Since the Rivals.com era commenced with the 2002 recruiting class, Michigan has signed 267 recruits to letters of intent. Some recruitments have been more memorable than others, and today we begin a countdown of the top 20, beginning with Thomas Rawls.
No. 20 - Thomas Rawls - 2011
Following the departure of Mike Hart in 2007, running back had become a bit of a black hole for the Wolverines. From 2008-10, Michigan's tailbacks and fullbacks had rushed for 4,346 yards or just 1,448 yards per season. That represented a sharp decline from the 2,001 yards running backs averaged the previous four seasons.
Certainly, using quarterback Denard Robinson as a runner skews the data somewhat, but at the conclusion of the 2010 season, and with the arrival of Brady Hoke in Jan. 2011, U-M's outlook at the running back position the following fall was not promising; the Maize and Blue needed a pro-style ball carrier in the mold of Tyrone Wheatley, Anthony Thomas and Chris Perry. They didn't have one on the roster.
Problem was, the best backs were largely off the board by the time Hoke settled in or were not interested in the Wolverines. But running backs coach Fred Jackson had an ace up his sleeve. Less than 60 miles north of Ann Arbor, in Flint, under the auspices of Jackson's son (the coach at Northern High School), a 5-10, 214-pound behemoth was bowling over linebackers and outrunning defensive backs.
As a senior, Thomas Rawls rushed for 1,585 yards and 19 touchdowns on 150 carries (10.6 yards per rush) yet he went largely unnoticed, ranking as only the 19th-best player in the state according to Rivals.com and the No. 39 player according to The Detroit News.
At the time Hoke took over, Rawls had offers from just three schools - Central Michigan, Cincinnati and Toledo. Why? Why was he so far under the radar? There were rumors Rawls wouldn't qualify academically, a ruse thought to be orchestrated by the Northern coaching staff, allowing U-M to swoop in.
"I think he's a diamond in the rough because a lot of people still don't know who he is," said Jackson, who laughed a little when asked about those academic reports for our 2011 Football Preview. "But I saw him gain 200 yards in a half on one leg. One bad ankle. 211 yards.
"This kid is special. You want to talk about a physical guy who can run, a physical guy that has a passion for football. I've known him for three years and he has something to him."
Jackson has built an incredible resume, coaching some of the greatest players that have worn the winged helmet over the past 25 years, and he was convinced that when Rawls committed and signed with the Maize and Blue, Michigan had just scored a game-changer.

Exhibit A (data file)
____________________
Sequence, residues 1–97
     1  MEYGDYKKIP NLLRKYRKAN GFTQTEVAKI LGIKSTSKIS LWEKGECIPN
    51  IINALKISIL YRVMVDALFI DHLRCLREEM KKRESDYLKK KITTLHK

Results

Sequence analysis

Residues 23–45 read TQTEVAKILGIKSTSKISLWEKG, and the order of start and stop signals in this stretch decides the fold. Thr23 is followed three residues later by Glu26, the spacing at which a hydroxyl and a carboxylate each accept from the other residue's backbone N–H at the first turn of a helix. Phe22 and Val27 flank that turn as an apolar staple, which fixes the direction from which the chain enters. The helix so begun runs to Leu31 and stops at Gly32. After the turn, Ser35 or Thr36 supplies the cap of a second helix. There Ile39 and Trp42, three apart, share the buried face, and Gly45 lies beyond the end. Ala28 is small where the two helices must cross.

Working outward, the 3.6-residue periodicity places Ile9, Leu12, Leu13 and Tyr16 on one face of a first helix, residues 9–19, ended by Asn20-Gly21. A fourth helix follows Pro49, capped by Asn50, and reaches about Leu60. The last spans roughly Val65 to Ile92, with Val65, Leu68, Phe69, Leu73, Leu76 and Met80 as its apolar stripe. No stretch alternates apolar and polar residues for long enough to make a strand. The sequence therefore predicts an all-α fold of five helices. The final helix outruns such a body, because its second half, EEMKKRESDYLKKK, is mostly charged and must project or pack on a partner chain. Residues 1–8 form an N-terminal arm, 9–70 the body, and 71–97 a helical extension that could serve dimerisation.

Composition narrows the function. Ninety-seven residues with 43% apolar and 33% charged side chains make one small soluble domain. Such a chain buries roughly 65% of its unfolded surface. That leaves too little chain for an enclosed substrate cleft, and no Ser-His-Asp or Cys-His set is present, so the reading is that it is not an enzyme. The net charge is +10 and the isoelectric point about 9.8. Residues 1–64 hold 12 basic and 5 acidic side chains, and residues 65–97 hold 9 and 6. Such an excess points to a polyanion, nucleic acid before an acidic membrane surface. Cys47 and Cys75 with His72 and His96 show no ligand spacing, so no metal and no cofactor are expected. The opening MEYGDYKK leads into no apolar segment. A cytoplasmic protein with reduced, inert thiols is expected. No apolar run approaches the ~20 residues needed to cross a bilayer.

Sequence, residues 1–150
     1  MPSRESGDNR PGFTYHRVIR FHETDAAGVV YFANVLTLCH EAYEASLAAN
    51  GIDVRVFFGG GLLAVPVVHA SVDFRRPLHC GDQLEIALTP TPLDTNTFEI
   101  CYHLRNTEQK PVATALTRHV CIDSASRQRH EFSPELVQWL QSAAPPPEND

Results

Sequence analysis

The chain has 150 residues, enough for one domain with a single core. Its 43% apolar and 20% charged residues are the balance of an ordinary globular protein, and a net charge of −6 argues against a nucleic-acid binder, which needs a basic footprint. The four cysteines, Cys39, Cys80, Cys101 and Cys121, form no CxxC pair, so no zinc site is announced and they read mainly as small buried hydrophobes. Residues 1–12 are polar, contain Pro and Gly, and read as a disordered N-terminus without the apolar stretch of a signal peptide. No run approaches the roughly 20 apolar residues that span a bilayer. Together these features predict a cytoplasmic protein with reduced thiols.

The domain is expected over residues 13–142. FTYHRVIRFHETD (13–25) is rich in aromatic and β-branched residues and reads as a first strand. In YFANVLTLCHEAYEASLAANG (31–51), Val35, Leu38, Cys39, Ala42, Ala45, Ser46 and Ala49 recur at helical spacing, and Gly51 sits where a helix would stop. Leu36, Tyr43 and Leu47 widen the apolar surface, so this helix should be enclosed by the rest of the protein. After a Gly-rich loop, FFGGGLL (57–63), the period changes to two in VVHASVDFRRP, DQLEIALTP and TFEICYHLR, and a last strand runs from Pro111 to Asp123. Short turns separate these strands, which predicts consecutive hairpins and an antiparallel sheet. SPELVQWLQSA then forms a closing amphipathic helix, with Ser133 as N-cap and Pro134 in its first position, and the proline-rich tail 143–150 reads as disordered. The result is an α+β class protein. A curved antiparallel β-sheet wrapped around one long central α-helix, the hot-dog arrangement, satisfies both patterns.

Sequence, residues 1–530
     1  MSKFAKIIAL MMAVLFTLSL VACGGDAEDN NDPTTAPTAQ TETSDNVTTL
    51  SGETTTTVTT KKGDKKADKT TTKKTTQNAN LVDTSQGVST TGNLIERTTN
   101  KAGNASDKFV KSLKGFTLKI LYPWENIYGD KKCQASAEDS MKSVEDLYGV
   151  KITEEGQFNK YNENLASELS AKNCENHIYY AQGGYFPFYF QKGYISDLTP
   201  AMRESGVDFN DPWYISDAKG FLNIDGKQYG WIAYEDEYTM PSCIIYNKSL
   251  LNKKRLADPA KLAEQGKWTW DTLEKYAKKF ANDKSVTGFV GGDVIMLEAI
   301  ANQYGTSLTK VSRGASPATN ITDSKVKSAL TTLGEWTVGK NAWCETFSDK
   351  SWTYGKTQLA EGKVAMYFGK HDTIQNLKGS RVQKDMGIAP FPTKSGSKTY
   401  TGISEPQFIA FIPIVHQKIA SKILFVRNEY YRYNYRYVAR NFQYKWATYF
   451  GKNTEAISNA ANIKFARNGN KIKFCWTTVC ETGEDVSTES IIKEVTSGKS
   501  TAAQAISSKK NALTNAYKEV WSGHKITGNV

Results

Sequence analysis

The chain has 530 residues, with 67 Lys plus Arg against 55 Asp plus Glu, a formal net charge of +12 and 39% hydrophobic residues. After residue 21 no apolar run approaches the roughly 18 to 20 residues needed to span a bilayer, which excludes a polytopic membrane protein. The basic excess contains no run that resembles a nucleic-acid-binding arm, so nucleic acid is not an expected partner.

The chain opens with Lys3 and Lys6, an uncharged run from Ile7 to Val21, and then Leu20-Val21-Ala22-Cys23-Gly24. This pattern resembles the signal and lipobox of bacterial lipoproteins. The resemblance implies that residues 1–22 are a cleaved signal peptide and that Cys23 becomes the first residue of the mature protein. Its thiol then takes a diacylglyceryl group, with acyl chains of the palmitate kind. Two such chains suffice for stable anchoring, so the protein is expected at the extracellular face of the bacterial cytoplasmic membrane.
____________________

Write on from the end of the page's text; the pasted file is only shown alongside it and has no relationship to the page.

"I saw [former Alabama tailback] Mark Ingram, who was also from Flint, as a senior in high school and I saw Rawls and it's almost like they're identical," Jackson told The Wolverine back then.
"You cannot knock what Mark did in college - the Heisman Trophy winner and a first-round pick - but at the same level, at the same age, in the same city, they're parallel out of high school, except I think Rawls is faster."
Robinson led U-M in rushing again in 2011, and Fitzgerald Toussaint emerged as the No. 2 ball carrier, going for 1,041 yards in his redshirt sophomore season. Rawls saw some action, toting the ball 13 times for 79 yards, but injuries and the demands of being a freshman handicapped his learning curve.
He would take a stab at more playing time in 2012, but with Toussaint emerging the season before, Rawls saw his window of opportunity already closing. However, neither Jackson nor the sophomore was ready to give up, and both believed there was a role for the then 219-pounder.
"He is going to truck some people in games," Jackson said before the 2012 campaign. "If he hadn't gotten hurt last year, he would have had an excellent year, but we had a few things that slowed him up.
"He just has to get more repetitions. He has to see things, and the more he sees them, the better he'll get."
With Toussaint out for the season opener, due to a suspension, Rawls seized the chance to win the starting job, opening up against Alabama. Unfortunately, his first start was not a memorable one - or at least not the memory he wanted; UA crushed the Wolverines as Rawls finished with nine yards on six carries (1.5-yard average).
A week later, he didn't even see the field. Two weeks later, in a win over Massachusetts, he had 42 yards on six carries, but in big games, the coaches went with Robinson, Toussaint and others - Rawls did not record a carry against Nebraska, Notre Dame, South Carolina and Michigan State while gaining three yards on eight combined touches against Ohio State and Northwestern.
This is a new year and another opportunity, though, and with Toussaint coming off injury, and no other proven performer in his way, Rawls could vie for the starting job this fall. Of course, the competition will be fierce.
Jackson still believes in the junior, but Rawls has to practice and play with confidence after losing it against Alabama and never fully gaining it back in 2012.